Another problem is that because it adheres so closely to the original, there's no sense of surprise. Things that were originally disarming in their unexpectedness are now utterly predictable. I always felt a couple steps ahead of the plot, and that's a problem because part of what made the first Hangover so much fun was that you didn't know from minute to minute where the story was headed. Nowhere is this predictability more evident than in the "coincidental" appearance in Bangkok of Chow (Ken Jeong), who says and does all the same stuff in all the same ways. (Yes, you also see his junk again.)
To be fair, The Hangover Part II is watchable. The three stars are still solid together, and watching them interact in desperate situations holds your attention. Zach Galifianakis manages to pull off a few chuckles with his line readings too. I just remember the experience I had watching the first film; I laughed hard from start to finish. This time, I hardly laughed at all. The situations Phil, Stu, and Alan find themselves in are often kind of frightening, which robs them of their comic potential. You could watch the original Hangover for the third, fourth, or fifth time and still laugh more than you would seeing this sequel once.
( out of four)
The Hangover Part II will be released to home video on Dec. 6. It can be purchased on DVD or in a Blu-Ray/DVD combo pack that also includes an UltraViolet digital copy. Additionally, it can be rented on demand via digital cable and satellite providers, iTunes, Amazon Instant Video, and CinemaNow.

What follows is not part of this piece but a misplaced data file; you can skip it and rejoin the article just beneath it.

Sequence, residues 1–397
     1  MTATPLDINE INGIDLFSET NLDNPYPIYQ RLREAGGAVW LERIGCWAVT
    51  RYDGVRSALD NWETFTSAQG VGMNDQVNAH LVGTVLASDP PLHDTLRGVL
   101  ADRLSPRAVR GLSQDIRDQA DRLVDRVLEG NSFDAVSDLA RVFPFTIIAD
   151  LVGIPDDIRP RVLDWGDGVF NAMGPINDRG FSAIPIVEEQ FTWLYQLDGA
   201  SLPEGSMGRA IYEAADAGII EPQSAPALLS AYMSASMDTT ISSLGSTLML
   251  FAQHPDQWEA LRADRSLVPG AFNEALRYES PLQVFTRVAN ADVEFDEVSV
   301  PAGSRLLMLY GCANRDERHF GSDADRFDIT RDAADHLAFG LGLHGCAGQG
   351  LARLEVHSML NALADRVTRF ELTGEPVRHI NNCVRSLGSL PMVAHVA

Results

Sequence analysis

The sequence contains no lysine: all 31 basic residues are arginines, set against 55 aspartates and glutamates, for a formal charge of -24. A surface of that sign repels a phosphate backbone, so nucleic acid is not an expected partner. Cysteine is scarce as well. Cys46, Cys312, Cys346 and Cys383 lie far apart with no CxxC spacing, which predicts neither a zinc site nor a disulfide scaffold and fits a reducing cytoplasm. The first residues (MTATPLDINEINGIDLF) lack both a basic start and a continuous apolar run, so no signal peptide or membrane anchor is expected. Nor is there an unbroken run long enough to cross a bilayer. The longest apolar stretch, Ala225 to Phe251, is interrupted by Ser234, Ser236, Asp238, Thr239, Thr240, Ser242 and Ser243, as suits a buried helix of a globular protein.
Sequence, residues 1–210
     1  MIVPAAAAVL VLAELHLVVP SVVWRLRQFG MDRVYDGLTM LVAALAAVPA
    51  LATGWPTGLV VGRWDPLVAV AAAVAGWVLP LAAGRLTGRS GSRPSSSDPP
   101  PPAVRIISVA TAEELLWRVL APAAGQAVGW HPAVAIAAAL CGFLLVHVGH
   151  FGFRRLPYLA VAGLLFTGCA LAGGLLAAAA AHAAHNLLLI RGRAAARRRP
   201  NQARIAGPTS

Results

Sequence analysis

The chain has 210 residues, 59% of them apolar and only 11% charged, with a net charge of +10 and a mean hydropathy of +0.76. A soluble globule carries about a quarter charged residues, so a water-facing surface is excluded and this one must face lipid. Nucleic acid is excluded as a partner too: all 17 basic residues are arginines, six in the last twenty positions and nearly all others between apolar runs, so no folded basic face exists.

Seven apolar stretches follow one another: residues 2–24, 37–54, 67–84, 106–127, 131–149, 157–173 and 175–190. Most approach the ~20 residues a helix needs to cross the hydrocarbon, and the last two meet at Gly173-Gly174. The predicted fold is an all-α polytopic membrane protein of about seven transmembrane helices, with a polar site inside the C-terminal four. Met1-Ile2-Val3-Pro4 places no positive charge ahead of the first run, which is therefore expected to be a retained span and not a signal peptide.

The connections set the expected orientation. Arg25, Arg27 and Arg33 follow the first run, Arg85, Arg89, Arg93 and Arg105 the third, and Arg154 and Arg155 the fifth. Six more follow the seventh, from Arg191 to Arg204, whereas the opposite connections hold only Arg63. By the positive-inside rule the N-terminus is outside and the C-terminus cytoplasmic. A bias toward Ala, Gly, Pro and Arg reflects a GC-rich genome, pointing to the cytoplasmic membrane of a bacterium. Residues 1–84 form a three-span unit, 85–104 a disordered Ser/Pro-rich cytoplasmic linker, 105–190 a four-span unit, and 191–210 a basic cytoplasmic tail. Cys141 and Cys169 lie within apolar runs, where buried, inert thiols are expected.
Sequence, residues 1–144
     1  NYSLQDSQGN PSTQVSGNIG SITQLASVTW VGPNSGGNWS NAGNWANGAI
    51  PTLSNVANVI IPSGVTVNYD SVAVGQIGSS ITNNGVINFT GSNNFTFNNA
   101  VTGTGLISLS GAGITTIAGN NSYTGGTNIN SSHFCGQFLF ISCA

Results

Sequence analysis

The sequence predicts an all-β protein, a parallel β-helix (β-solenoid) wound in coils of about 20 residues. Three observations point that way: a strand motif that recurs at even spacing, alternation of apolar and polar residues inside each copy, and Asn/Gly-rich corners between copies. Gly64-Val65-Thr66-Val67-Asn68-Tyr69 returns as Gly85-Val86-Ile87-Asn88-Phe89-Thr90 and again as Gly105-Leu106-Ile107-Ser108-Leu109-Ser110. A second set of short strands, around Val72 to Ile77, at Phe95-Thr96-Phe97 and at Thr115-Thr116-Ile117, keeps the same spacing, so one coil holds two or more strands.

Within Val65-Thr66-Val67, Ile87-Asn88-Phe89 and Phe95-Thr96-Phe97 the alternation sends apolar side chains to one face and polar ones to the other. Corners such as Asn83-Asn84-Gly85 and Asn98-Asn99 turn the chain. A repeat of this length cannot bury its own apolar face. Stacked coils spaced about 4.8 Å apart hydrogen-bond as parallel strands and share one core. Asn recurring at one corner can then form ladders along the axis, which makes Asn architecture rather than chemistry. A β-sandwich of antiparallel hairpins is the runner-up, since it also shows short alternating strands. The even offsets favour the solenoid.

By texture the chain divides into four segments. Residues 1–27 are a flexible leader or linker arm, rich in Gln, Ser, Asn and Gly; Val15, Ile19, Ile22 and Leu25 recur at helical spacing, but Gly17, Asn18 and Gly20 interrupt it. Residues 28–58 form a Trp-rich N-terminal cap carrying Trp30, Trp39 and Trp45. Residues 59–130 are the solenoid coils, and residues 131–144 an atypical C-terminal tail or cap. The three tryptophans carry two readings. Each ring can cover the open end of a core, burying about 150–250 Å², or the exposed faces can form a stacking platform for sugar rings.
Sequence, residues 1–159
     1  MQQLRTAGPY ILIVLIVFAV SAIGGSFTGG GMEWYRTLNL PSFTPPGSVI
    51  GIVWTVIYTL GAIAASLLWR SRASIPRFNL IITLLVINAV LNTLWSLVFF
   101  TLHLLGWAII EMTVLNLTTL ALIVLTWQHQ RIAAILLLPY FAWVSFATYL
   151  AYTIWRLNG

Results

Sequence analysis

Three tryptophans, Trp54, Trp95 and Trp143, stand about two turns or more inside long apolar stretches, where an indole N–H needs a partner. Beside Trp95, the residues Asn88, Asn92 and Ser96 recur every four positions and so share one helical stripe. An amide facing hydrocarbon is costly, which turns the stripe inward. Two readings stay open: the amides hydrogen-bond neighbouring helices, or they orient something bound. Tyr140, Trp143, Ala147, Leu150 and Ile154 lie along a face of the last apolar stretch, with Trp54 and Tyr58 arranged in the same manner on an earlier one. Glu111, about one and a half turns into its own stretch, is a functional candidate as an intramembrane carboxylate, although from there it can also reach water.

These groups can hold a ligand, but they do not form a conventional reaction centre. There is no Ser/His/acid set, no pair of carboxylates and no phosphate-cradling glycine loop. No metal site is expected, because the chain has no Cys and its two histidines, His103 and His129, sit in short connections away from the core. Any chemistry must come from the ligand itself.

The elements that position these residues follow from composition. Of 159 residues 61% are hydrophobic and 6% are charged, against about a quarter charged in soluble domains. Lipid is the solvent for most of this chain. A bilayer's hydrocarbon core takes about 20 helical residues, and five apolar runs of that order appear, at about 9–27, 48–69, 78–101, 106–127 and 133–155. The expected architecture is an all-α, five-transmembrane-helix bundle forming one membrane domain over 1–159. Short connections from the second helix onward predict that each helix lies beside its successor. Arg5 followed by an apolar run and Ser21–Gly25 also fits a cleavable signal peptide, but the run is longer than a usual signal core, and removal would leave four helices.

The bonus materials are, sadly but appropriately, rather disappointing. The most notable of them is a faux Unauthorized Documentary. Actor Rob Benedict (who was quite good in an indie film called A Little Help that you should totally seek out) plays an aspiring documentary filmmaker who dogs director Todd Phillips and actor Ken Jeong, among others, in an effort to expose the cast's alleged antics in Bangkok. The whole thing is played as though the production has something to hide, and this lone truth-seeker is trying to uncover it. A one-joke piece at best, the segment runs on for a very long 25 minutes. Cameos from Morgan Spurlock and J.J. Abrams do little to compensate for a thin, unfunny premise.
“The Comedy Rhythm of Todd Phillips” is a much shorter segment in which the director discusses his style (he likes to allow for improvisation), while his stars share their thoughts on working with him (they like that he allows for improvisation). “Not Your Everyday Monkey” looks at Crystal, the simian co-star of the movie. The actors profess their love for her, especially Bradley Cooper, who seems to have become extremely attached. It's a cute feature, but not particularly substantive. “Bangkok Tour With Chow” finds Ken Jeong in character, giving a guided tour of the city. I'm of the belief that Ken Jeong is tolerable only in extremely small doses. Watching him engage in his loud, over-the-top nonsense for three-and-a-half continuous minutes was grating to me.
Also on the Blu-Ray is “Action Mash-Up,” a pointless 45-second montage of action from the film, and a gag reel that's intermittently amusing, but not nearly as unexpurgated as you might expect.
The Hangover Part II is rated R for pervasive language, strong sexual content including graphic nudity, drug use and brief violent images. The running time is 1 hour and 42 minutes.